Ease Wayfinding

Wayfinding and Similarity (11-16-21)

Researchers have investigated why we get lost in places that are similar to other areas we’re familiar with.  Zheng lead a team that found that “the brain may treat similar environments as if they are even more different than a pair of environments that have nothing in common. The concept is known to brain scientists as ‘repulsion.’ . . .  Ekstrom points to a visit to a restaurant. There are many aspects about dining out that will always be the same – being seated, ordering food and waiting for the meal.

Traveling Through Cities (10-25-21)

Bongiorno and colleagues set out to learn more about how people find their way through cities.  The group reports that they “analyze salient features of human path planning through a statistical analysis of a massive dataset of GPS traces, which reveals that (1) people increasingly deviate from the shortest path when the distance between origin and destination increases and (2) chosen paths are statistically different when origin and destination are swapped.

Traveling Through Underground Malls (07-07-21)

Zhang and Park assessed behavior in underground malls.  They share that “a series of exit-finding tasks in virtual malls were simulated. . . . people have a right-turn preference during exit finding.”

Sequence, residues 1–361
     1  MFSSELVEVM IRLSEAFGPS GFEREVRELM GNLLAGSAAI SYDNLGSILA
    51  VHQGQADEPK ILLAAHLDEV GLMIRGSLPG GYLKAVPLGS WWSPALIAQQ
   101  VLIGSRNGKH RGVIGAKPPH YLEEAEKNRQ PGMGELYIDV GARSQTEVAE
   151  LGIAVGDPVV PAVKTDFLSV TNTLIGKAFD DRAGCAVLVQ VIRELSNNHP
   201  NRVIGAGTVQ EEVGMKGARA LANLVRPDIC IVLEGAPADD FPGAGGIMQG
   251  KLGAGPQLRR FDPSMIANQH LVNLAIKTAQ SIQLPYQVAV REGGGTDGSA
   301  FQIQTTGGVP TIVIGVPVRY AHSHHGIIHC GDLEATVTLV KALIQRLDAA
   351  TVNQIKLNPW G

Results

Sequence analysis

Shaoqing Zhang and Soobeen Park.  “Study of Effective Corridor Design to Improve Wayfinding in Underground Malls.” Frontiers in Psychology, in press, doi:  10.3389/fpsyg.2021.631531

Navigating, With and Without GPS (07-06-21)

Heft, Schwimmer, and Edmunds studied the implications of using visual navigation systems, such as GPS. They report that “One group of participants drove a simulated car in VR along a designated path while relying on visual GPS guidance. It was expected that use of the GPS display would draw attention away from temporally continuous path information. A second group initially drove the same route without GPS guidance. Both groups drove the path a second time without navigational assistance.

Learning About Spaces (06-09-21)

Miola and teammates set out to better understand how the form of a place influences the ease with which we learn its spatial information.  The group reports that “Field of view (FOV) allows us to perceive and learn our environment. Reducing the visual field impairs our ability to estimate distance and direction. It has been demonstrated that distance is estimated more accurately in outdoor environment (a lawn) than in indoors (hallway or lobby). . . .

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